When 2 p.m. rolled around the Mani-Mani show kicked off. Lynn admittedly nodded off for a good portion of it, but did manage to catch the pretty cool 3D action that the show featured using two projection screens. Doug filled her in on the rest: There’s a male eagle who had his food stolen by a female crow. This upsets him and for some reason he decides he’s going to make the crow his wife so he can have a son. The crow doesn’t give him a son, so he gets angry and the gods give him a female cockatoo to have a son with, but before he can the crow turns the cockatoo into a white rock. Then he kills the crow. This is the reasoning used to by the Anangu people for explaining why eagles rule the dessert and crows are left with the remains. Where the white rock comes in, we haven’t the slightest clue.
When the show was over, we agreed that it was time to see the great Uluru so on to the National Park we went. We somehow managed to a free afternoon on our 3-day pass from the nice entrance lady (Lynn is attributing to her Loki-imaged credit card) before heading to the Cultural Center. All we could say at this point during our approach to Uluru was, “Wow, that is a big rock.”
The center itself was nicely nestled into the surrounding landscape and provided us with more background on the rock and the aboriginal people who make this arid landscape their home. A lot of the information was similar to our earlier mini-museum, introducing other creation stories and discussing how the park was formed. But, there was something a little different here. In a few of the displays there were some quotes and descriptions of the aboriginal people along with pictures. Some of these pictures had be covered over with a note stating that images of those who are deceased cannot be shown due to tribal custom. It seems like they may need to do some image replacement in their future. There is also a lot of signs asking you to not climb, as Uluru is sacred to the Anangu.
The late afternoon was spent completing two small hikes within the park. The first took us to what is usually a watering hole, but was dry even with a few showers earlier in the day. Being up close to Uluru was drastically different than our approaching drive. It is here we could see the pitted surface and the long canyons along with places where the rock had once broken apart. There were also paintings on some of the surfaces, indicating that this was indeed a special place for the Anangu. We also got to experience the beginning of the plight of flies. Luckily these flies don’t bite, but they do have an affinity for buzzing in your ears.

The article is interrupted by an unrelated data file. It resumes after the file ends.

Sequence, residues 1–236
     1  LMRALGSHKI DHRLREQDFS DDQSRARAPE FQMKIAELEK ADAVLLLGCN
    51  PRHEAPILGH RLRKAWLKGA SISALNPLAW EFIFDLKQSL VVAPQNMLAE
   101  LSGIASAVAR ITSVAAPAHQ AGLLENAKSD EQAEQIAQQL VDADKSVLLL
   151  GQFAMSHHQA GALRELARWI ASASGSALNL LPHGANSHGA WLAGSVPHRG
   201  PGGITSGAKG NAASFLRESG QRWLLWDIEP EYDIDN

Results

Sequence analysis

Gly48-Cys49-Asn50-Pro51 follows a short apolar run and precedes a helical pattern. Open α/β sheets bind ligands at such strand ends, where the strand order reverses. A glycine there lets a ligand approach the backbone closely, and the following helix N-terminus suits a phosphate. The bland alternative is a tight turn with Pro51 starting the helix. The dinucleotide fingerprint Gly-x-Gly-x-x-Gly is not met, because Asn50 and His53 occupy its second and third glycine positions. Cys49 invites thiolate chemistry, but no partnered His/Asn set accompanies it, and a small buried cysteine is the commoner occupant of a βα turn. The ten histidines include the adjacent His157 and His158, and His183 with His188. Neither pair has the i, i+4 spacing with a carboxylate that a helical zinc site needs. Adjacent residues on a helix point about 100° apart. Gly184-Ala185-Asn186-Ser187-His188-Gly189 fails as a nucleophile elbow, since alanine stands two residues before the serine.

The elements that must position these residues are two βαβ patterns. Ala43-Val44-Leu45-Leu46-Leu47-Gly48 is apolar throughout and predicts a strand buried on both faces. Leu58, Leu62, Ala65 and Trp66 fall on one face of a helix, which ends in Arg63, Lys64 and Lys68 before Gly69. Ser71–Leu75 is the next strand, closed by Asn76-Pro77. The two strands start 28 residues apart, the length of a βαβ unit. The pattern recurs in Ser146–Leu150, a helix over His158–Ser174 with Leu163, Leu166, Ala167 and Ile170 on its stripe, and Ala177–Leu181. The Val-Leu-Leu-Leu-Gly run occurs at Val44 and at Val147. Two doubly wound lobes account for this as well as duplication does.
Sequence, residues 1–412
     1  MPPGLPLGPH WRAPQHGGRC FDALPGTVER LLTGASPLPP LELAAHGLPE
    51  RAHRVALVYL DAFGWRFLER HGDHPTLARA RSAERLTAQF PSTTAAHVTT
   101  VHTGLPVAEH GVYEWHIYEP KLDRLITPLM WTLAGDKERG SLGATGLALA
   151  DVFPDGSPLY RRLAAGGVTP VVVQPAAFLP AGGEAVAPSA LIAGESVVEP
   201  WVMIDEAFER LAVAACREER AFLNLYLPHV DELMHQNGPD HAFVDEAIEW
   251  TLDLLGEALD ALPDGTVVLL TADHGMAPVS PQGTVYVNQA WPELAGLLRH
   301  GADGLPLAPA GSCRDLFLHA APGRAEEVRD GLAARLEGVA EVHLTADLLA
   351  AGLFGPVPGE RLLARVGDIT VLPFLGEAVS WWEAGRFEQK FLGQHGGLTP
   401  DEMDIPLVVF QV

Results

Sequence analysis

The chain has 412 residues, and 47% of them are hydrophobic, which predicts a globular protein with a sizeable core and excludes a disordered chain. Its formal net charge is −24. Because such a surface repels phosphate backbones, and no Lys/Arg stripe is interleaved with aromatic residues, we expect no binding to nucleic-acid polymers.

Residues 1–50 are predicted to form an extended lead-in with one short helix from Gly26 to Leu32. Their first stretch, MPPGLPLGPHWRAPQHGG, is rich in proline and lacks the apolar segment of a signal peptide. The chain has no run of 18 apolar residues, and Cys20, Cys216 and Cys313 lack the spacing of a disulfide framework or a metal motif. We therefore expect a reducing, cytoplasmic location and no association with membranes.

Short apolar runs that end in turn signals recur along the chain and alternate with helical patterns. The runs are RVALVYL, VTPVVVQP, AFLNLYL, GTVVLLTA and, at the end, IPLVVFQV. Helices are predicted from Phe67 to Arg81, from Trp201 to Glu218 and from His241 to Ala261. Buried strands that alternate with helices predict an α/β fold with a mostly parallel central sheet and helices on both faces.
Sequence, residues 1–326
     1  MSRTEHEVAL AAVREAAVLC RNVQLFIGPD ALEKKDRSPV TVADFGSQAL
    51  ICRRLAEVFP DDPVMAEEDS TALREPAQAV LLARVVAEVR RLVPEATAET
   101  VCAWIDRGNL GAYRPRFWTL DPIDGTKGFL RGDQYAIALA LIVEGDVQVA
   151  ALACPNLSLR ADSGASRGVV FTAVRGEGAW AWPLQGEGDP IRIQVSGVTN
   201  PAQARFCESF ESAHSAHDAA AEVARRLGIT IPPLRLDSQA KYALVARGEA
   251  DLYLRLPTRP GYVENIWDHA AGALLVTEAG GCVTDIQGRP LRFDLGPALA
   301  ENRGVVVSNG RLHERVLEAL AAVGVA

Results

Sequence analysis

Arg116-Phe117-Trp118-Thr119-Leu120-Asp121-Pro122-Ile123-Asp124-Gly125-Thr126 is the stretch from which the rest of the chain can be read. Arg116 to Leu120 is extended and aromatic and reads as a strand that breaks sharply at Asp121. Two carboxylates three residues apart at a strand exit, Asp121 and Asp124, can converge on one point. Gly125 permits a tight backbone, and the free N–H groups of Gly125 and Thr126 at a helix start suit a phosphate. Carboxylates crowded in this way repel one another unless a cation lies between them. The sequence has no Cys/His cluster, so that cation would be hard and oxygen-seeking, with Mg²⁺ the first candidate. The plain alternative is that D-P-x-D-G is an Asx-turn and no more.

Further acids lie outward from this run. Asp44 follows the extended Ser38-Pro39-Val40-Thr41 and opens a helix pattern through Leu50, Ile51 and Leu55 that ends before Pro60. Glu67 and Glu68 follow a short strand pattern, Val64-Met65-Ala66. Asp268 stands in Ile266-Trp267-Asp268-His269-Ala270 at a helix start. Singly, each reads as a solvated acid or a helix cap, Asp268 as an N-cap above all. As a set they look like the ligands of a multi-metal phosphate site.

The second was a bit longer hike a little further from Uluru, but allowed us to see where people have climbed up. We had hoped to see some wildlife, but were not lucky unless you count the 10 or so flies buzzing around each of us.
Before the evening was up we pulled into a sunset viewing lot, waiting for the magic to happen while storm clouds approached. And boy, Uluru did not disappoint. The reddish-brown turned a majestic orange-red, then orange-yellow with the sunset on the horizon and pictures don’t really do it justice. So, you will just have to make the trip yourselves. If you are lucky like us, you’ll even get to see a rainbow end on Uluru.
The sunset was stunning and definitely not a disappointment, but we were starving. We quickly went to IGA, bought some pork schnitzel and salad supplies, and returned to the Pioneer Lodge to cook and eat. Not much else was going to happen from that point on, because we needed to be up to catch Uluru’s sunrise!
Daily Walking Mileage: 8.3
- Uluru is in Australian Central Timezone, a weird half-hour timezone so we are now 1.5 hours behind Sydney.
- Uluru get its red color, not from the natural rock but from oxidation of the iron content in the rock. The portion of the rock that is not rusting is grey.
- When Australia gave the land back to the Anangu people, they negotiated a 99 year lease which allows them to operate the park as it is today. Who knows what will happen in 2084 when the lease it up.